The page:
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Impact of Point Sources on Nutrient Interactions in Ozark Streams

Published by the American Society of Agricultural and Biological Engineers, St. Joseph, Michigan www.asabe.org

Citation:  Paper number  032282,  2003 ASAE Annual Meeting . (doi: 10.13031/2013.13827) @2003
Authors:   S. A. Ekka, B. E. Haggard, M. D. Matlock, I. Chaubey
Keywords:   Wastewater treatment plants; phosphorus; sediments; equilibrium P concentration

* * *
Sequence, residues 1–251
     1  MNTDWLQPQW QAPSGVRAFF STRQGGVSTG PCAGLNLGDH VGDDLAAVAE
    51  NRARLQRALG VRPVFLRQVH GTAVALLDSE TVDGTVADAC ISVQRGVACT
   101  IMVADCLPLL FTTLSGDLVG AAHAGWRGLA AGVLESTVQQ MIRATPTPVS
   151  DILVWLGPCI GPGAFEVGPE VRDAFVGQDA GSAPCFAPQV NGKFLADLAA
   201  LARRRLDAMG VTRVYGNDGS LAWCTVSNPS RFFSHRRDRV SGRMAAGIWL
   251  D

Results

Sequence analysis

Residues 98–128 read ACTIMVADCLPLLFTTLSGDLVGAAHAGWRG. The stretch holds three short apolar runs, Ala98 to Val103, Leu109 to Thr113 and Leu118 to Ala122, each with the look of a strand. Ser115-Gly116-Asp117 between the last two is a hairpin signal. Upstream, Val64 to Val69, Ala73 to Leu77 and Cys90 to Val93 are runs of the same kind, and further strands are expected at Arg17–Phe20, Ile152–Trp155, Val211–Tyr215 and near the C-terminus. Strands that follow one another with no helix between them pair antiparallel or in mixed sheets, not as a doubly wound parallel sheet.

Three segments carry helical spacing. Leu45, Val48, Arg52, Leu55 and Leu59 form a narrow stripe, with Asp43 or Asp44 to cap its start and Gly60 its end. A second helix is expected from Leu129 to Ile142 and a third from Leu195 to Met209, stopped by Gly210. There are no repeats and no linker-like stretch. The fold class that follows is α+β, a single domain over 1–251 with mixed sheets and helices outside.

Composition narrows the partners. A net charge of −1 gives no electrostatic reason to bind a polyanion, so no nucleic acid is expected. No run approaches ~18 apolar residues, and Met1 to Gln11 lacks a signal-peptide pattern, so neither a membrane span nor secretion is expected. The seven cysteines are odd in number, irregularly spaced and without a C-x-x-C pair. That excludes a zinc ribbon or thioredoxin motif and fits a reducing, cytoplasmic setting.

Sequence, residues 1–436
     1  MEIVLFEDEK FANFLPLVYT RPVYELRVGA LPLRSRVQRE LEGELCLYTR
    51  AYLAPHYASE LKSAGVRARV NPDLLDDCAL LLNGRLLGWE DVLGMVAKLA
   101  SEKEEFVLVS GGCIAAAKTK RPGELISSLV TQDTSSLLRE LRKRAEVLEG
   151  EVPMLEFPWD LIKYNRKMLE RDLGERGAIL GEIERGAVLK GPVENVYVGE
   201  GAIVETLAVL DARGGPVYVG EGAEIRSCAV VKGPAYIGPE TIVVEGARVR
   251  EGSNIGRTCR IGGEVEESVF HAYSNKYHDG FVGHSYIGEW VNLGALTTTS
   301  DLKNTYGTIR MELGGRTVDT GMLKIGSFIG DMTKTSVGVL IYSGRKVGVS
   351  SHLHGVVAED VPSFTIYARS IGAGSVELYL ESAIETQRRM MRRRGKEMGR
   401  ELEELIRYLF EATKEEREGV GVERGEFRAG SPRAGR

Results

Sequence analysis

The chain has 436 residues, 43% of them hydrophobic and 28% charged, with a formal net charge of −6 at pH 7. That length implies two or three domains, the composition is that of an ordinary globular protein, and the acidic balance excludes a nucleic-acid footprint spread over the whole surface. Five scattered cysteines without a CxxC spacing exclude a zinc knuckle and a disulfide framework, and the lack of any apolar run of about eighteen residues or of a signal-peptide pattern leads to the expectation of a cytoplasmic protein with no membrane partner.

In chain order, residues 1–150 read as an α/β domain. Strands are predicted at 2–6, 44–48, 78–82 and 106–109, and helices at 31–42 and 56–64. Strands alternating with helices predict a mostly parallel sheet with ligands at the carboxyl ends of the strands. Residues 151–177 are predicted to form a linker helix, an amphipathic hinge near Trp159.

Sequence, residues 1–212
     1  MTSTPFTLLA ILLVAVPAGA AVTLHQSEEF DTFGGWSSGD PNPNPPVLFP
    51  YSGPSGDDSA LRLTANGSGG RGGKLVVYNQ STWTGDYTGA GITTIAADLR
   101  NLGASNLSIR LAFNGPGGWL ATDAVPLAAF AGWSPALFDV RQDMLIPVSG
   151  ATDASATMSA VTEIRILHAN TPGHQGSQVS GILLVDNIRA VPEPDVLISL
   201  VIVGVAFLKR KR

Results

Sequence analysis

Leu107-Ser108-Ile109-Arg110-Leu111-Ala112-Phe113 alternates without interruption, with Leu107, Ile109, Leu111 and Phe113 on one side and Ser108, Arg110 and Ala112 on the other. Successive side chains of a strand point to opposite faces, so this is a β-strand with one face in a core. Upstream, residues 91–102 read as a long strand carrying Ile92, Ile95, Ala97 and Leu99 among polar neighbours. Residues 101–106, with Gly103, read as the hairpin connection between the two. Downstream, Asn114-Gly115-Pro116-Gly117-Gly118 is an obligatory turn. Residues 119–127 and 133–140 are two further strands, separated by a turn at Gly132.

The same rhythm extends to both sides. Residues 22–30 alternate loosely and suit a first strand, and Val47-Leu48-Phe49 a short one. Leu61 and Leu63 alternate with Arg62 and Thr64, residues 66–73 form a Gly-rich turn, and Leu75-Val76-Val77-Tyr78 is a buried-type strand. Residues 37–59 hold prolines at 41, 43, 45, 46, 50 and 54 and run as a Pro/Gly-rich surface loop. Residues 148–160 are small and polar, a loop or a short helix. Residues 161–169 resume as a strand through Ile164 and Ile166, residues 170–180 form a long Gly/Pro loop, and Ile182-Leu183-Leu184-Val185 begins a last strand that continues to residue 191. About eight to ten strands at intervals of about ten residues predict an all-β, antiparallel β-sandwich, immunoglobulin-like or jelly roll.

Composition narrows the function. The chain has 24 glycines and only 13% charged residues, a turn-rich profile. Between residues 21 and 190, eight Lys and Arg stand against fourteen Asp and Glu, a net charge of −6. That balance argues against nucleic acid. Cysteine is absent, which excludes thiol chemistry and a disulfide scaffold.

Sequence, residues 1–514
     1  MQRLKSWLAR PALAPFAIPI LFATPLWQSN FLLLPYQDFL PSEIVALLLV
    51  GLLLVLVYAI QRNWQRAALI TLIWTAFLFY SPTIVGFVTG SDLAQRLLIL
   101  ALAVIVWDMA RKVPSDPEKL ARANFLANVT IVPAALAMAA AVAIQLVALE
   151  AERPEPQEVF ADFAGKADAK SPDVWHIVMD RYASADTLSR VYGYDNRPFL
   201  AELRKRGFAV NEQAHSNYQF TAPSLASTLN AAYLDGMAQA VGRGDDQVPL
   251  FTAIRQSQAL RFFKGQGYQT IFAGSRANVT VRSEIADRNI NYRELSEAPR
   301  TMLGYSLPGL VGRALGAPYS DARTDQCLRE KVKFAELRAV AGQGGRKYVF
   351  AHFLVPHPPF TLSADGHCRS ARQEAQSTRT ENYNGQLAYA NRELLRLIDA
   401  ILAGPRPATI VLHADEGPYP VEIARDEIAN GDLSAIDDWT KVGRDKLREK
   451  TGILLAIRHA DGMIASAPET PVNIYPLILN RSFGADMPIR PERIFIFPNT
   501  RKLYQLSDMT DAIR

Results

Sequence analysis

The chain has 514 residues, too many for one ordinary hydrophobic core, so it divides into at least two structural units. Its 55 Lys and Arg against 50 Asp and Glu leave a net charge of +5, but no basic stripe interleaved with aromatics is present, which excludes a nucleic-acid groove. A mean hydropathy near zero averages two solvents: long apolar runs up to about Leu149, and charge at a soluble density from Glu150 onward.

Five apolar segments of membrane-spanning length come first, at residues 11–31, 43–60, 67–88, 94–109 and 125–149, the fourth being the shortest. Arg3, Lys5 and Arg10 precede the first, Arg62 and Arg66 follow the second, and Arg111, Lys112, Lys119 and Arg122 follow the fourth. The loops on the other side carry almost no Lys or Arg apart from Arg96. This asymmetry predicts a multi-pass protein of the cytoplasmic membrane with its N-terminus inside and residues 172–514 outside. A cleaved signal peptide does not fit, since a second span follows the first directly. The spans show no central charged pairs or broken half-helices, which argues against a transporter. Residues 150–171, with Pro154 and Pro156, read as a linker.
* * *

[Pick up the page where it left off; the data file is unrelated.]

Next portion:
An investigation was carried out in three streams of the Illinois River Basin, northwest Arkansas, to examine the impact of wastewater treatment plant (WWTP) phosphorus (P) additions on stream water and sediments. We selected a reference (upstream) site and four sites downstream of the WWTP discharge in each stream; water and sediment samples were collected from July 2002 through January 2003. Water samples were analyzed for soluble reactive phosphorus (SRP) and chloride concentrations; sediment extractions included exchangeable phosphorus (EXP), equilibrium phosphorus concentration (EPC) and phosphorus sorption index (PSI). The results obtained show that SRP concentrations were relatively low at reference sites but increased significantly at sites downstream of the WWTP as high as 7.6mg/L at Spring Creek. SRP concentrations decreased exponentially with increasing distance from WWTP, suggesting temporary storage within the streams. However, it was apparent that dilution, not assimilation, was responsible for the decline in SRP concentrations when chloride concentrations were used to correct for subsurface and tributary flow contributions. The loosely exchangeable phosphorus (EXP) in sediments increased at sites downstream from WWTP suggesting greater bioavailability of sediment bound P. The P concentration at which sediments are in equilibrium with the stream water (EPC) was greater downstream of WWTP compared to reference site. The EPC indicated that sediments were a source, sink, and in equilibrium at different streams. Sediment phosphorus buffering capacity (PSI) decreased at sites below the WWTP compared to the reference sites. The municipal WWTPs significantly impacted stream water SRP concentrations and sediment bound-P.

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